Hope in Our Lady
Fr. Gregory Hallam · August 18, 2011
Fr. Dn. Christopher speaks about the Dormition of the Theotokos.
The Incarnation of Our Lord is shocking. God takes on human flesh, totally human in fact, descended if we are to believe the biologists, from the same forebears as all of us.
But there is another side to the Incarnation, because by that action we may become God-like, we can participate in the reality of God’s energies, we can stand boldly before God. The feast of the Dormition makes this clear, in the shape of the death and translation into heaven of the Theotokos. According to Orthodoxy the Mother of God died as we all do, “falling asleep,” so to speak, as the name of the feast indicates. She died as all people die, not “voluntarily” as her Son, but because of her mortal human nature. Tradition has it the Apostles were summoned and all were present at the funeral, except St. Thomas.
St. Thomas arrived a few days later, and desiring to see her one more time, convinced the others to open her tomb. Upon doing so, the Apostles discovered that her body was no longer present. The icon shows her soul being received by Christ, as a child in swaddling bands, an echo of the Nativity stories, as she is reborn into eternity. Indeed a short while afterwards, her body was translated by Him into the eternal heavenly habitations. This was fully just and proper, befitting her unique holiness. She is taken into the heavens bodily as some point out, as all the redeemed shall be, and for this she is rightly called more honourable than the Cherubim.
Looking back on her life we see that the Power of the Most High dwelt within her, He took flesh from her. Her “yes” made the Incarnation possible. She did not abandon the world, (in the words of the hymn for today), and her intercession is called upon by all of us regularly and with due confidence. Her presence in heaven is a hope for us all; flesh can stand in the presence of God. This was the case for Elijah. also taken up to heaven, although in his case without death first.
Now she has her proper habitation in Heaven, into which today she is translated from earth, for Heaven is a most fitting place for her. She stands at the right side of the Almighty “adorned in golden robes, arrayed in diverse colours” (Ps. 44 : 9-10), which is quoted in the service for the preparation of the Holy Gifts. “They shall mention Thy name from generation to generation: therefore the nations shall give thanks to Thee forever” (Ps. 44/45: 17-18). All generations shall call her blessed. Her body, which was truly the Ark of the Lord might be expected not to suffer decay. Let us be clear though that hers is a human body. She was mortal as we are mortal. Indeed it is her humanity that makes it possible for Christ himself to be fully human. Her transcending of the limits of unregenerate humanity is celebrated and serves as an example.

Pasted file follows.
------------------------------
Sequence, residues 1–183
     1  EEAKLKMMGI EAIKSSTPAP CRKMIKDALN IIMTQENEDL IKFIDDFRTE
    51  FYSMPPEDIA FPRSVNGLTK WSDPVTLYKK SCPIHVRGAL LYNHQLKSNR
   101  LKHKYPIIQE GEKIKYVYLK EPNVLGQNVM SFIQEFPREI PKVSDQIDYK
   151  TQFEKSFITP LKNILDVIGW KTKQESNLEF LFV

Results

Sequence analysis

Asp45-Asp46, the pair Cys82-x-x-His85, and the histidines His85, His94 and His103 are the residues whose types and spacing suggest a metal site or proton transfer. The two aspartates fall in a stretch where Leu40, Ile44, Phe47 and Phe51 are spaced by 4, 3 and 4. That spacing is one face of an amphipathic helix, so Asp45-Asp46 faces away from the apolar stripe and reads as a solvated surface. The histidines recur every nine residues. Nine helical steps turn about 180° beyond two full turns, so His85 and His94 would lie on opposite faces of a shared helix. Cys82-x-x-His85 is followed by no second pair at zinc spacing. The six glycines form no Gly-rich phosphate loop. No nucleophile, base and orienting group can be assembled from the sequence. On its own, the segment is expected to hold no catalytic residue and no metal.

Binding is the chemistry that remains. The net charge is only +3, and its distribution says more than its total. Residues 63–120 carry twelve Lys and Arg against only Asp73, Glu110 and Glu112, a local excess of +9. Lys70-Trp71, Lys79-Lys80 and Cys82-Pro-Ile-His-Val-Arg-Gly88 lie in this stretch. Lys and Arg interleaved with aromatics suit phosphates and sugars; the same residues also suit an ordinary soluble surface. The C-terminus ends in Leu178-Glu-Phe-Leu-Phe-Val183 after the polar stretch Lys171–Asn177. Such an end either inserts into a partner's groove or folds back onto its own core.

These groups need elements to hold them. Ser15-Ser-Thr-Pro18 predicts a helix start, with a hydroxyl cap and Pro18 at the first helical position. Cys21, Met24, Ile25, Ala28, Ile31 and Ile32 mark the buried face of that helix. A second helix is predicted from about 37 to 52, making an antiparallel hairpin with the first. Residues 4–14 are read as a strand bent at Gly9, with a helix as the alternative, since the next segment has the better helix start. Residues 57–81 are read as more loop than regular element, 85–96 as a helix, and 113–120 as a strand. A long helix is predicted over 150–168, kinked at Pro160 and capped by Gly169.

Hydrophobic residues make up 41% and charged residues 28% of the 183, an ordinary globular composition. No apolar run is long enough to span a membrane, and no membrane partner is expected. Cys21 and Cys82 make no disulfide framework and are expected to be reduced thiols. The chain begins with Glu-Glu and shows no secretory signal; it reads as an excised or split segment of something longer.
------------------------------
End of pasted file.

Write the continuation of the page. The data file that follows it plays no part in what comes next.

She prays for us, distributes blessings generously on us, and never ceases this gracious help. She is praised in hymns addressed to her and we cannot help but pile on the superlatives. What sets her apart from us is simply her wonderful obedience and willingness to serve God. That led to her being truly the habitation of God in a unique and wonderful way, yet all of us carry God within us. We are all temples of the Holy Spirit.
We celebrate her passage from this life to immortality in Heaven, her soul’s acceptance by Christ at the point of mortal death, and her intercession and hope for us all. She is truly a great and wonderful lady. We praise and honour her, who made our salvation possible by her obedience. She is seen as a type of the Church and frequently portrayed in the altar itself, in the apse over the throne. After all she is the throne of God in a special way. She does not detract from her Son but rather she is shown in the icons pointing to Him or holding Him forward, or else praying to Him.
She is an example to us all. We need to learn from her, and follow her lead and we need her help by her prayers.
As St. Gregory Palamas prayed, so we also come before her….
“O Lady, grant your mercy and your grace abundantly to all your people, your inheritance. Deliver us from the misfortunes afflicting us. Behold how much and how greatly we are oppressed… by those both without and within. By your might transform all for the best…. bestow your help and healing commensurate with our passions,...granting to our souls and our bodies abundant grace for every need. Though we may be incapable of containing your riches, increase our capacity and so grant them to us that we, saved and strengthened by your grace, may glorify the Pre-eternal Word Who was Incarnate of you for our sakes, together with His Unoriginate Father and Life-Creating Spirit, both now and ever and unto ages of ages. Amen.”